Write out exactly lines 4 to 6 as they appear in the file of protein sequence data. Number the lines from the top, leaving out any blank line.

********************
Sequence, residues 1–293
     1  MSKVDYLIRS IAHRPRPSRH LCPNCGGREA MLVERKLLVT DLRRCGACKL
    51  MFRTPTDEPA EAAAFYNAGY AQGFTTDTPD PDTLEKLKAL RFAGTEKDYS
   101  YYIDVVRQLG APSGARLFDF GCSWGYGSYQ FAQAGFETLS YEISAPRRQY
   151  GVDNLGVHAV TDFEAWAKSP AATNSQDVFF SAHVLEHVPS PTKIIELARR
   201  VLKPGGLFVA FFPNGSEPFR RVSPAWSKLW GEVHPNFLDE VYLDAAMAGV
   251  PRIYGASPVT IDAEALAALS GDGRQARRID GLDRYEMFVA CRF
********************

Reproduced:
   101  YYIDVVRQLG APSGARLFDF GCSWGYGSYQ FAQAGFETLS YEISAPRRQY
   151  GVDNLGVHAV TDFEAWAKSP AATNSQDVFF SAHVLEHVPS PTKIIELARR
   201  VLKPGGLFVA FFPNGSEPFR RVSPAWSKLW GEVHPNFLDE VYLDAAMAGV